This couple took wedding photography to a whole new level when they got their wedding shots taken. They used a series of drones in order to capture their big day. The shots that they created are undoubtedly original and stand out from the crowd... for now. With the release of the new DJI Phantom 3 that we recently covered, drones could be here to stay, but are we at a stage now where we can outsource our photography to machines?
This is clearly a market that drone manufacturers want to break into as the official release video from DJI (below) shows drones being used to take wedding footage in a sanctuary. The notion of this seems absurd to me personally. On my big day, I don't want drones buzzing around while I'm trying desperately to remember my fiancee's name and to remember my vows! Having said that, I do think that the way that this couple have used the drones outdoors could work really well as the noise of the drones wouldn't be so intrusive.
[via CBS This Morning]
"The uploader has not made this video available in your country.'
If you can't see the video download the "Hola Better Internet" Chrome plug-in. It will let you select which country to proxy Youtube, Pandora, Netflix from for freeeeee. :D I'm in Germany and have never had any issues.
Great for wide-angle environmental portraits, but I wouldn't count on a drone lifting off with a 200/2 telephoto anytime soon. Personally, I'm waiting around for the FAA to make their ruling on legally flying these things before committing to a purchase myself :-)
My mindset is the same. Those photos being captured may look great on a laptop/tablet/phone but to print out those low rez images, especially after getting the bill for adding a quadcopter to your wedding package, not good. Also it wont be the wedding photographer taking the drone pics/video, it would probably be an assistant or a 3rd party company hired to do it, because the main photographer would be on the ground capturing the quality pics that are to be expected from a wedding. . .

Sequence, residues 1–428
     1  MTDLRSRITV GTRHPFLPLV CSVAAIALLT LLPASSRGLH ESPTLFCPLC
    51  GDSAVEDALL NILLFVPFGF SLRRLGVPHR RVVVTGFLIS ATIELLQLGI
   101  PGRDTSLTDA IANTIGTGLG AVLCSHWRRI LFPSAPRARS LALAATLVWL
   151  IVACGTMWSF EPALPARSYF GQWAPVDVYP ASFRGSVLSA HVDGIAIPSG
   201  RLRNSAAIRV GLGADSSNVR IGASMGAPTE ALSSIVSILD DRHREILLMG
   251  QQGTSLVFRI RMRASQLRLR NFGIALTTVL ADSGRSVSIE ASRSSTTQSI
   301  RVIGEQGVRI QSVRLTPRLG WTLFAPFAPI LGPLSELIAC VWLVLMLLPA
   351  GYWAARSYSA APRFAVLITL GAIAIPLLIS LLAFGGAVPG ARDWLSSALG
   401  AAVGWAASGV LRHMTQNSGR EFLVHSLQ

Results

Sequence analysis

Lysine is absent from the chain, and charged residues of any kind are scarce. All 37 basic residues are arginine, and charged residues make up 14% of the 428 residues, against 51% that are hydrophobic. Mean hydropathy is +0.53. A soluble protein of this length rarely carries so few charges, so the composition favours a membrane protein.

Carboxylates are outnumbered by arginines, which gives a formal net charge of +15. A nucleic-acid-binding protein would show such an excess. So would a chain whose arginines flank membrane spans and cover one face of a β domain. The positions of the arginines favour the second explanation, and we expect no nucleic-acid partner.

I see both of your points, but 5d mark iiis have been getting flown since there releases with better optics, and with the FAA it is rumored that you will be able to back log your flight time so that would certainly help if you have to hit the 2000 hours to fly commercially. And with entering the market early you could really kill it with SEO if you are the first arial company in your area.
Valid points, and thanks for the reply.
Not being overly educated on quadcopters my questions (not directed at anyone in particular) would be weight limitations, focusing, angling a DSLR... so many variables to take in considerations. Not to mention how many of those high up photos one would want in their wedding album.
Saying that, I believe that wedding photographers have almost a duty to offer something genuine and intriguing without being silly to their clients. My belief is that quadcopters are here to stay and it's in ones best interest to understand all their capabilities and how to offer it to their clients.
In my opinion, drone photography is a tool that a photographer can use much like tilt-shift. Until they become silent, they wont be in too many wedding ceremonies. Group photos on the other hand...it's what's hip so if a photographer wants to show off and offer his/her client a unique offering....WRRRRRRRRRRRR.
I certainly predict that drone shots are going to become the next selective color portrait :)
All good until heads get chopped off, or other device failure cause death or damage...What's the liability coverage like?
Seems like a drone at a wedding would be kind of obnoxious. They have their place, but I wouldn't want one buzzing around.
www.photographybyelite.com in virginia. We use a drone for video and photography! 757-967-7468. We use a Phantom with 1080 resolution....very similar or exactly the same as the featured photog! As for sound - once they are int he air and up above you a bit you can't hear them. :)